min:                                  0.10ms
         avg:                                  1.11ms
         max:                                259.69ms
         approx.  95 percentile:               5.31ms

Threads fairness:
    events (avg/stddev):           33900.0000/0.00
    execution time (avg/stddev):   37.5364/0.00

I would expect rather similar results to the test with fsync() while we’re getting numbers 20 times better… and surely too good to be true. Meaning I can be sure the system is lying about write completion if we’re using O_DIRECT IO

What is my take away on this ? I did not have a time to research whenever the problem is related to VirtualBox or some configuration issue. Things may be working correctly in your case. The point is Virtualization adds complexity and there are at least some cases when you may be lied to about IO completion, so if you’re relying on system to be able to recover from power failure or VM crash make sure to test it carefully.


What Causes Downtime in MySQL?

We’ve just published a new white paper analyzing the causes of emergency incidents filed by our customers. The numbers contradict the urban myth that bad SQL is the most common problem in databases. There are a number of surprises in other areas, too, such as the causes of data loss. This is the companion to my earlier white paper suggesting ways to prevent emergencies in MySQL. It is a re-published and re-edited version of an article that just appeared in IOUG’s SELECT magazine. You can download it for free from the MySQL white papers page on the Percona web site.


Choosing an appropriate benchmark length

The duration of a benchmark is an important factor that helps determine how meaningful it is. Most systems have some “burstable capacity,” and this can influence the results a lot. You can see this in all areas of life — you can sprint much faster than you can run a 10k race. Your stereo system components are usually advertised in both peak and sustained output. Transducers can generally hit peaks that would melt them due to heat dispersion challenges if run at that level long-term. Database servers are no different. Many components in the system have the capacity to absorb peaks. But buffers eventually fill if pressured for a long time.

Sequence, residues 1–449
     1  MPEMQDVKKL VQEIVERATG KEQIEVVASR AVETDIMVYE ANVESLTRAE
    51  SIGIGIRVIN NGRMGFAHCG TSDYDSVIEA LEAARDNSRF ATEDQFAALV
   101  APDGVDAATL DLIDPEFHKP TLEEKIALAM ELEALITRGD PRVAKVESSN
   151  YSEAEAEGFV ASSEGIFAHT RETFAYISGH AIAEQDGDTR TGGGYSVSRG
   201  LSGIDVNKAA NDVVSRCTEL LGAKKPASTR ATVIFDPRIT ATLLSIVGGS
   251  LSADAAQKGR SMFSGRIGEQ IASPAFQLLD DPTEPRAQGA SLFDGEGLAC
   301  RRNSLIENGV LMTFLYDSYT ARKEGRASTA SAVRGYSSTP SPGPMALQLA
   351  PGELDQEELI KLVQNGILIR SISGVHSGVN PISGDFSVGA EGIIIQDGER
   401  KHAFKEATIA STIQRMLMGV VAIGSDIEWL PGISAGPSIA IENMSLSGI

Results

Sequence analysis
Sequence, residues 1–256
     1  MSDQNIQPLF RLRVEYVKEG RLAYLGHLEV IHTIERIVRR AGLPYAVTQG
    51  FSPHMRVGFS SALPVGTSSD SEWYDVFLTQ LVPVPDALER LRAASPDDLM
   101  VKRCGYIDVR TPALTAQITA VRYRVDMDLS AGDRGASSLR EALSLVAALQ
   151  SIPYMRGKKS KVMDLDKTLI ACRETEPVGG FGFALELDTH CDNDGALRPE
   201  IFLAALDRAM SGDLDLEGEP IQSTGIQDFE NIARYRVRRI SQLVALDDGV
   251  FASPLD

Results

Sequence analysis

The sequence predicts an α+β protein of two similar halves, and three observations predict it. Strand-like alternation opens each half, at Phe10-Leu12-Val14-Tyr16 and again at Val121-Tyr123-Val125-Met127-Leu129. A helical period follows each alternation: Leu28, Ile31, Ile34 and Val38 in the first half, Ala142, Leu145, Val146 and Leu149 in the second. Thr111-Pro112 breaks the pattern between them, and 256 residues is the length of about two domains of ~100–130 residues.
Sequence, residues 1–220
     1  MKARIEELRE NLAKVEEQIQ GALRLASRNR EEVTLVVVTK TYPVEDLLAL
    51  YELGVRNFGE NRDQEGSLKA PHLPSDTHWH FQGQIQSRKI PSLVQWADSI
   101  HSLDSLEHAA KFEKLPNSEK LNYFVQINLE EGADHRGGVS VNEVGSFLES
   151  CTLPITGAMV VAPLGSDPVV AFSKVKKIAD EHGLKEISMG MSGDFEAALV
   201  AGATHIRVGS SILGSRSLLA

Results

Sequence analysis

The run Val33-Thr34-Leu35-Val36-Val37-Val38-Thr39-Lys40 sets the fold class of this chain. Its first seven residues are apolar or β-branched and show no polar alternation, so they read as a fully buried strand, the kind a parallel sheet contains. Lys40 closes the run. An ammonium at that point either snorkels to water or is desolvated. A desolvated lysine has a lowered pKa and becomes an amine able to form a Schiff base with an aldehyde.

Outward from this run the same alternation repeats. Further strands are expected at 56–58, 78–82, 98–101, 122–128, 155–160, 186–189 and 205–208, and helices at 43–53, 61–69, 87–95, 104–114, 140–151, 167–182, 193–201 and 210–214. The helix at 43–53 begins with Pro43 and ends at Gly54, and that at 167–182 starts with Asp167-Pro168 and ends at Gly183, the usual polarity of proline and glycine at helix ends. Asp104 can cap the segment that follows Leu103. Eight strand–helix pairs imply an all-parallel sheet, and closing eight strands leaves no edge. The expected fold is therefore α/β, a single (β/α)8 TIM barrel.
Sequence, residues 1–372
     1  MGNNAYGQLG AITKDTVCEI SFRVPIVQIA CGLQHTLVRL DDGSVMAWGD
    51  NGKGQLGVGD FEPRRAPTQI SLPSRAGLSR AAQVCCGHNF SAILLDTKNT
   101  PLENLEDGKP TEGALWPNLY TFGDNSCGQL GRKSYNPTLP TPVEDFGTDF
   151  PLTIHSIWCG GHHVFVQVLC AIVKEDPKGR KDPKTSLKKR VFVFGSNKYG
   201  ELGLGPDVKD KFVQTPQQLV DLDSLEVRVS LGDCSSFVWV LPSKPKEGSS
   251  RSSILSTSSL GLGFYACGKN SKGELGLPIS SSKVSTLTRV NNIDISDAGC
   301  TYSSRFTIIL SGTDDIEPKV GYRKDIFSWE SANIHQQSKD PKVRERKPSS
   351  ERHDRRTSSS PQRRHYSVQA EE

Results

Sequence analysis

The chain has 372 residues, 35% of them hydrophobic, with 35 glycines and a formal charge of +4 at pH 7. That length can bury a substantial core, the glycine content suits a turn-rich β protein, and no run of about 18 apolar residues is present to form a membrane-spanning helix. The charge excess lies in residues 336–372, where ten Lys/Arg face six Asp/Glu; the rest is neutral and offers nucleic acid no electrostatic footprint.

When designing a benchmark, you should think about what type of performance characteristics you are looking for in your production system. If you want a system that can handle peak loads that don’t last very long, then measuring burstable capacity with a short benchmark might be okay. But if you want to measure how the system will perform over a long time with a sustained load, then you need to run your benchmark for a long time.

This can be costly and time-consuming. If your cycle time is 8 hours or more, this can be frustrating, too. If you don’t time it right, you might only be able to fit in one or two benchmarks a day. Vadim runs a lot of long-term benchmarks on MySQL and Percona Server. He is a very patient man. Mark Callaghan has run benchmarks that last for months.

Sometimes you don’t know how long your benchmark should run until you try it. This was the case in a recent benchmark I ran. The following image shows the system’s IO behavior:

As you can see, the reads settled down after only 3 hours or so, but writes continued to climb until at least 8 hours. How long should I run this benchmark? In general, to understand the long-term performance, it should run at least twice as long as it takes for the system to settle in and appear fully warmed up. At that point, you should examine the preliminary graphs and see; if there is some unexplained variation, you should continue to run until you have determined that the system is behaving according to its long-term pattern. This might have cyclical variations. What is that notch near the right-hand side of the graph? Is that the beginning of a repeating pattern, a one-time event, or something else? There is only one way to tell: keep running the benchmark. I ended up running the above benchmark for 72 hours to ensure that it was exhibiting its typical long-term behavior.